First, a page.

They attacked a party of sepoys within the frontier, and seized and carried off British subjects, while at all points their troops, moving in large bodies, assumed the most menacing positions.
At this period a band of Sikh fanatics called "akalis," attacked Sir Charles Metcalfe's escort, and the steadiness with which the disciplined sepoys repulsed them, so impressed the maharaja that he decided to change the strength of his army from cavalry to infantry.
Arrah is famous for an incident in the Mutiny, when a dozen Englishmen, with 50 Sikhs, defended an ordinary house against 2000 Sepoys and a multitude of armed insurgents, perhaps four times that number.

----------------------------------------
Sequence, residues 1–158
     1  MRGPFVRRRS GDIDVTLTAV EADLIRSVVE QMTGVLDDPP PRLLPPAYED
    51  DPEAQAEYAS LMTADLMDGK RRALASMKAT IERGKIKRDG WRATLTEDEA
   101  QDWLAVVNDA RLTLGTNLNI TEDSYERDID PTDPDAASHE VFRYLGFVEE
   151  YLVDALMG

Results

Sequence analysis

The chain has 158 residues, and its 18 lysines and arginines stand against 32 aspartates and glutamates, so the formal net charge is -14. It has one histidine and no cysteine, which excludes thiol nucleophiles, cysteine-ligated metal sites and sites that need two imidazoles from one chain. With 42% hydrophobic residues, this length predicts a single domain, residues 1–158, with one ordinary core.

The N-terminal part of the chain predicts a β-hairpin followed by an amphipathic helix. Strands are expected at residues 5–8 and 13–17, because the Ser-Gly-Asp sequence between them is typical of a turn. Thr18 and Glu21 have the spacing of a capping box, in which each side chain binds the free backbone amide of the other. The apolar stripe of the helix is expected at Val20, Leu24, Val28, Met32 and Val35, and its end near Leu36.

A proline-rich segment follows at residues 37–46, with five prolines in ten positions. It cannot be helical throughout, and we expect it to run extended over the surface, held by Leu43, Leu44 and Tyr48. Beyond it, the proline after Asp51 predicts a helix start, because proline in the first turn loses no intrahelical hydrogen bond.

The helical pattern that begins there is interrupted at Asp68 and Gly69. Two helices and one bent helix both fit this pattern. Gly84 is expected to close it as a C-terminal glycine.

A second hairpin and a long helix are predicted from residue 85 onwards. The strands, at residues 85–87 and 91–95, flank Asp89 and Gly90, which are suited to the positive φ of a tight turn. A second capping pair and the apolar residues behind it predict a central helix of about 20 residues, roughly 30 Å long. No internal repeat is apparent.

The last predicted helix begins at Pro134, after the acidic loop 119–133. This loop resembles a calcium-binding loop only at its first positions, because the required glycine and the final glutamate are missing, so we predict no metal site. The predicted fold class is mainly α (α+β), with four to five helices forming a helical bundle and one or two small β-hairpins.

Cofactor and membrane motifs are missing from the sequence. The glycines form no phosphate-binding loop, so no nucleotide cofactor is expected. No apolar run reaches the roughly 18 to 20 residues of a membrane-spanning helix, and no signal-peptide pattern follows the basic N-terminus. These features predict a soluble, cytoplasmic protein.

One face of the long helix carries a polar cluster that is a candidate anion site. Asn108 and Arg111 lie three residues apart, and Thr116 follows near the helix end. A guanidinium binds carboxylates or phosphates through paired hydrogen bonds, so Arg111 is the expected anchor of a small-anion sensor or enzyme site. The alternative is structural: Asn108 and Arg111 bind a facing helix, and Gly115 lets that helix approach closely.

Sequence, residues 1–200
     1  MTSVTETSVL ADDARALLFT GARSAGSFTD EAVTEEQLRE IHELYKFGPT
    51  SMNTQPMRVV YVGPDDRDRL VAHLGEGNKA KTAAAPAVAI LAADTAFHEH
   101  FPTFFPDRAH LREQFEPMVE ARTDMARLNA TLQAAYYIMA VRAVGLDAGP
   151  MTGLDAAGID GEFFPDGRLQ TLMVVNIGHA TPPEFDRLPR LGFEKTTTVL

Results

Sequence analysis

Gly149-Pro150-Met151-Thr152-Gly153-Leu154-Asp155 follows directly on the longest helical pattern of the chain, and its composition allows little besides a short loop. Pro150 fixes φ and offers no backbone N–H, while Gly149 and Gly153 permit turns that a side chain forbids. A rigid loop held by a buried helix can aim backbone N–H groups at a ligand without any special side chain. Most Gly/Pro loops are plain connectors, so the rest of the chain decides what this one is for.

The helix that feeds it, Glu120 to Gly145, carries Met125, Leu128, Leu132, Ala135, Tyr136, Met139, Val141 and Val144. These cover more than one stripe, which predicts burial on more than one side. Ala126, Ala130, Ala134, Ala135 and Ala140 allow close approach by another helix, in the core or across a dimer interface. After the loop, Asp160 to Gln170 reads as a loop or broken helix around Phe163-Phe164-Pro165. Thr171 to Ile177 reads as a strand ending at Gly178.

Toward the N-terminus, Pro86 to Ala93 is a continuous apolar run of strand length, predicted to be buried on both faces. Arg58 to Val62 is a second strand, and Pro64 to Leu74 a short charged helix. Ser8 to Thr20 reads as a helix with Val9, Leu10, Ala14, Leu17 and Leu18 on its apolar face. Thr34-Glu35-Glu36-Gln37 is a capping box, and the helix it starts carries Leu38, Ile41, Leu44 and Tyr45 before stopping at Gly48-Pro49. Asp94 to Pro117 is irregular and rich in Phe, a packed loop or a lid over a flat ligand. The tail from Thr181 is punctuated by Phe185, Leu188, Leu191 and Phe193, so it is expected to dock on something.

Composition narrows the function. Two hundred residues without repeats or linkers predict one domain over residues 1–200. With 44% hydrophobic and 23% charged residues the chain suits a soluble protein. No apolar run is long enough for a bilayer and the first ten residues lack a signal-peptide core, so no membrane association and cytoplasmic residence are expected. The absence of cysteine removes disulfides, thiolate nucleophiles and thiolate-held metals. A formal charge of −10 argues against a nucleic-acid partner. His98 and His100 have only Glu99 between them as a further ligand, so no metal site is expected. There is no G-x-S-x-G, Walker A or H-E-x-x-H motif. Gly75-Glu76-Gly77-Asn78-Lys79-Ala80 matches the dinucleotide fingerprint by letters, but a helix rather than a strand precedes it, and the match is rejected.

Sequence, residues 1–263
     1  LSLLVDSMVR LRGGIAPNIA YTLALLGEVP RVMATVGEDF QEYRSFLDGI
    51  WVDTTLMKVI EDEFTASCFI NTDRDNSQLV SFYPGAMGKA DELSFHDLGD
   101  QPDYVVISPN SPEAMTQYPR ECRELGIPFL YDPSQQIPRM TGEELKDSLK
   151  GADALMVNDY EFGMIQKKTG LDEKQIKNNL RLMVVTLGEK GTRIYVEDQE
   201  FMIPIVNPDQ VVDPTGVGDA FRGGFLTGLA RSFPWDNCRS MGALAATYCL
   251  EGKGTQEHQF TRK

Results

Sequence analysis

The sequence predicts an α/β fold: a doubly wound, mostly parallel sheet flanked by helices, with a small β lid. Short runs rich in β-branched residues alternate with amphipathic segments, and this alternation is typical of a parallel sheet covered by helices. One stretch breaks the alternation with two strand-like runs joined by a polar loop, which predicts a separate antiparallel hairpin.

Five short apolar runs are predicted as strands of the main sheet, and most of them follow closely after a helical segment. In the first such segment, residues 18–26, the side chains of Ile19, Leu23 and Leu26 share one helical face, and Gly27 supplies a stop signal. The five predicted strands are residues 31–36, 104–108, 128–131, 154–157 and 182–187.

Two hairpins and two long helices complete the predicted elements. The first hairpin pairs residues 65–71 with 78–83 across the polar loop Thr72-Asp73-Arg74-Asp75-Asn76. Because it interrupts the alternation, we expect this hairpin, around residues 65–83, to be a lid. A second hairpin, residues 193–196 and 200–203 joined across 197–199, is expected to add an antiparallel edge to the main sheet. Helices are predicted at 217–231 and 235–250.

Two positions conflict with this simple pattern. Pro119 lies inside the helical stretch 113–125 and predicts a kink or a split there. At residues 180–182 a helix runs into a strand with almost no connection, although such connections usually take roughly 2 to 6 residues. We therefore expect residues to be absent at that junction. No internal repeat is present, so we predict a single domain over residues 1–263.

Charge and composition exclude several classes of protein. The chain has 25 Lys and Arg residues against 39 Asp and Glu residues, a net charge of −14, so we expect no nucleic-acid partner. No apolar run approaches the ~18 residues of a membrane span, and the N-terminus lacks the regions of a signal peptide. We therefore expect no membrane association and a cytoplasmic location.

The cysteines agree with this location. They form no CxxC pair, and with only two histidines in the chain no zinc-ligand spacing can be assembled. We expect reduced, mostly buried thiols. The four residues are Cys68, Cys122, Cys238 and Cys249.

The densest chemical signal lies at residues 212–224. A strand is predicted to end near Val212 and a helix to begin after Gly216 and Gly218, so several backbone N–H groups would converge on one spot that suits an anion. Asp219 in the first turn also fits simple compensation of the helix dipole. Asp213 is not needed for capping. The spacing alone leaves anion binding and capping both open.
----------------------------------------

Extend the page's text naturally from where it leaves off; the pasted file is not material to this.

At first all seemed to go badly, as the British officers despised the enemy, and the sepoys were unaccustomed to mountain warfare, and thus alternate extremes of rashness and despondency were exhibited.
Undaunted, he marched out to the battlefield of Plassey (Palasi), at the head of about 900 Europeans and 2000 sepoys, with 8 pieces of artillery.